India’s IT sector is feeling better — and has reasons to. Its mainstay US economy is recovering and last week, President Barack Obama tried to usher in a new immigration regime that eases visa regulations for both startups and established IT service companies.
But there is also a sobering thought that India’s IT sector faces new challenges. It is clear that quality skills are not easily available any more in India.
I think it is time for Indian IT players to think Sri Lanka —and possibly, the beautiful eastern port city of Trincomalee. Here’s why. President Mahinda Rajapaksa’s policies aim to make the island a knowledge hub with IT focus, and development of Tamil areas scarred by decades of an internal war are a key priority.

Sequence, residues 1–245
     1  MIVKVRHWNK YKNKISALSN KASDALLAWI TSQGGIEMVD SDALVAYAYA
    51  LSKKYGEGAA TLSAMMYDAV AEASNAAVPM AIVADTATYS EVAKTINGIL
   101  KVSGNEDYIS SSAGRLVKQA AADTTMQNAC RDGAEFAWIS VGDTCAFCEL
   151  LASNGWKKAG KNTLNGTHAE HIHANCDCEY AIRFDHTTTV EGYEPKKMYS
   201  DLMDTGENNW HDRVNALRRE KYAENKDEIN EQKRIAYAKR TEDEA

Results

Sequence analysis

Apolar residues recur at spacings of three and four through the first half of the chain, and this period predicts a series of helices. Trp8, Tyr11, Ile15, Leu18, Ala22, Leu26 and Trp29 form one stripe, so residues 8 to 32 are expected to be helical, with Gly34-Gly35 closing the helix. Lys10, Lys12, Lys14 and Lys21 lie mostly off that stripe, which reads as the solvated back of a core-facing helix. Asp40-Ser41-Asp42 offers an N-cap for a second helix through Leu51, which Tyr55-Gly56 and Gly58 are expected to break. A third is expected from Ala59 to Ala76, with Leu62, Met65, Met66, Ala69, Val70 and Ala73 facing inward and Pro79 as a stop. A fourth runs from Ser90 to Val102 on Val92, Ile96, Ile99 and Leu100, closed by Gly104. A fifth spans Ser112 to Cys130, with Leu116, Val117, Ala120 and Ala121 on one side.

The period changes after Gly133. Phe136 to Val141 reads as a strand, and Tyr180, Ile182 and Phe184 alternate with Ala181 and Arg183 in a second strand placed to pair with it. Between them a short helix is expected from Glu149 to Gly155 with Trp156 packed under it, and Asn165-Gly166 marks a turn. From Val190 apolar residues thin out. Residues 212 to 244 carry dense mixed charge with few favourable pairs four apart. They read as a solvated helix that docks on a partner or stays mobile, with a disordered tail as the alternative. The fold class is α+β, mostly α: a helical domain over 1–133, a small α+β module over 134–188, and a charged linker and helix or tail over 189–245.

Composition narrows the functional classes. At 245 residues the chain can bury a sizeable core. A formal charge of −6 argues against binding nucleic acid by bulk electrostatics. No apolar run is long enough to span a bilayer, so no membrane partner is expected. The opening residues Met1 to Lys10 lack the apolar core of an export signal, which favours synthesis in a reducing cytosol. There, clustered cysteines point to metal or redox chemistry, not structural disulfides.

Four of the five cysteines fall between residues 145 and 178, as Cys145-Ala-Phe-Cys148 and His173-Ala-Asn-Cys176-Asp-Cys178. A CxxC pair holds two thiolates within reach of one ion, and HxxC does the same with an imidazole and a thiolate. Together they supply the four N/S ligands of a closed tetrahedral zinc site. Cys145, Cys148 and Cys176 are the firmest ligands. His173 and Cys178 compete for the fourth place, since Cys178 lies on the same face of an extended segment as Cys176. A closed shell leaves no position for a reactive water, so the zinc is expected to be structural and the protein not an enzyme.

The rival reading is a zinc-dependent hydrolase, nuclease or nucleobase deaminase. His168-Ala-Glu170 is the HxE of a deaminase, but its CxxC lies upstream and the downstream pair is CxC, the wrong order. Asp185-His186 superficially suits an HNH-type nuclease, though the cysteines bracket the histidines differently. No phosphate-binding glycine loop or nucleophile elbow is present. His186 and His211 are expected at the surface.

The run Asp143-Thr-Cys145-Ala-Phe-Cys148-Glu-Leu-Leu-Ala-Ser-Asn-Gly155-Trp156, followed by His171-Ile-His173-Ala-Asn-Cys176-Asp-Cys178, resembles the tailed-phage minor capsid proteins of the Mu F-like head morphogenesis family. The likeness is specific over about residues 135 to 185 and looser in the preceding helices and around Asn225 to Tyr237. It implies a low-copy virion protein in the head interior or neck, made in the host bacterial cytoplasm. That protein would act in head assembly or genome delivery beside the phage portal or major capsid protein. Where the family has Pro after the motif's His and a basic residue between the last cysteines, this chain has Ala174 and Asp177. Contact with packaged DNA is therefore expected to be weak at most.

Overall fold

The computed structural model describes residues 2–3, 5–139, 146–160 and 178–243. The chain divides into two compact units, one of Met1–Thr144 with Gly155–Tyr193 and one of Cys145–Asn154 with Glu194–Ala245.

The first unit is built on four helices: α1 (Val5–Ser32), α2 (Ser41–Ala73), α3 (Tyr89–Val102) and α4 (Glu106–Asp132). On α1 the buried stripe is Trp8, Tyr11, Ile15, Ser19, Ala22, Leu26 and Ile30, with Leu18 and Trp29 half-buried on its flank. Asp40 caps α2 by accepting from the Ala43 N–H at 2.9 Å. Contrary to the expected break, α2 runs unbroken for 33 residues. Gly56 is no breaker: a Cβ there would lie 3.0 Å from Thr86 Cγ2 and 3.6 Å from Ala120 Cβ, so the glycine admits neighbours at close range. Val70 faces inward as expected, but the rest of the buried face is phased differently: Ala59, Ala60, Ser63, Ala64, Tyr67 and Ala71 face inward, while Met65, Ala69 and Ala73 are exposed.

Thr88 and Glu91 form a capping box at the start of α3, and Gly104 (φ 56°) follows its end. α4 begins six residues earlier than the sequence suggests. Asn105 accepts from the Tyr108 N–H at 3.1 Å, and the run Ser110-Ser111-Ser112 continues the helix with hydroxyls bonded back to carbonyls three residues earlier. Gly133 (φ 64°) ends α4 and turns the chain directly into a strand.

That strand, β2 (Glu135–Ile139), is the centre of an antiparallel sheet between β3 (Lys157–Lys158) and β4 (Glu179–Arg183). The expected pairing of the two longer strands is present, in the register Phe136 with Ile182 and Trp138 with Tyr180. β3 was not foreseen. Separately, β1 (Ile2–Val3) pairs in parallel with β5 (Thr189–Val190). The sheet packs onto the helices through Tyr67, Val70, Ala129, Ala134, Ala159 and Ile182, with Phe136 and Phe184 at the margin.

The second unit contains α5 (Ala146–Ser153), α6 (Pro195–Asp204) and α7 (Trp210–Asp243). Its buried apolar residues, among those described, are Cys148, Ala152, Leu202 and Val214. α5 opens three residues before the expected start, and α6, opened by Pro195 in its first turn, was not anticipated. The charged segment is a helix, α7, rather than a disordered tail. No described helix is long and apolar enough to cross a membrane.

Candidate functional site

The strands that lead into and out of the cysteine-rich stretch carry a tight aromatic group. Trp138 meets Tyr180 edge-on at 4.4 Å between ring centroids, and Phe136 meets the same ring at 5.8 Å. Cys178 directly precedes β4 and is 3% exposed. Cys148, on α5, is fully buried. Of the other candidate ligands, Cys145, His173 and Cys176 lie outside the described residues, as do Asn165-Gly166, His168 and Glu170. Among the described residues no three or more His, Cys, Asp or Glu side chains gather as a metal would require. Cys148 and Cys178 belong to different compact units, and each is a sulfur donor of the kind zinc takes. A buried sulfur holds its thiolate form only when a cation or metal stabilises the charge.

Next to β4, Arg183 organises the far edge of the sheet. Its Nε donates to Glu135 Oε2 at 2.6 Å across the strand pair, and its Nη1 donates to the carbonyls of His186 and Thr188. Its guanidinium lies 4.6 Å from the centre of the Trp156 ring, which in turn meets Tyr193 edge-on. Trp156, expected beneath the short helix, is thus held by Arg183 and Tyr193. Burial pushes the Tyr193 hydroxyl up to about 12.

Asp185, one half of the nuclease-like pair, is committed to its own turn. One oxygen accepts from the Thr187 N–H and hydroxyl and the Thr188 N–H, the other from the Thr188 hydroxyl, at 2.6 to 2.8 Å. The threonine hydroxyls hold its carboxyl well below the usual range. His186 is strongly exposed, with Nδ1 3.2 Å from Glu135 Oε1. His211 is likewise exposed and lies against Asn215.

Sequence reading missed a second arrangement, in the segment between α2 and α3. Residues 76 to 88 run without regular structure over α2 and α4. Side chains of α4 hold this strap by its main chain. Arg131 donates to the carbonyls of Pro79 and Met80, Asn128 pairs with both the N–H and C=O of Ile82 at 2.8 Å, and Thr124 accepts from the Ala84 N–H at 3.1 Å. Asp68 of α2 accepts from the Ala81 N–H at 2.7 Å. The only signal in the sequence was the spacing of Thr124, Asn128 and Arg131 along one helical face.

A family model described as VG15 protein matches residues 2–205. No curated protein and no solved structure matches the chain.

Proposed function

For India, which has evolved into not just a nation of programmers but one of seasoned IT managers and entrepreneurs, Sri Lanka could be a hub where it can attract knowledge workers from across South Asia. It is easier for Sri Lanka to offer visas to Indians, Pakistanis and Bangladeshis without much complication.
In fact, Infosys, TCS, Wipro and Genpact already employ engineers in East Europe, Latin America, the Philippines and US. Raising regional presence is a good way to spread their wings.
India should push for a SAARC (South Asian Association of Regional Cooperation) technology park in the north or east of Sri Lanka and the regional summit at Kathmandu, this week, should be a good occasion to discuss it. It could be easily funded by Japanese money and also increase India’s influence in the region and contain growing Chinese presence with positive diplomacy.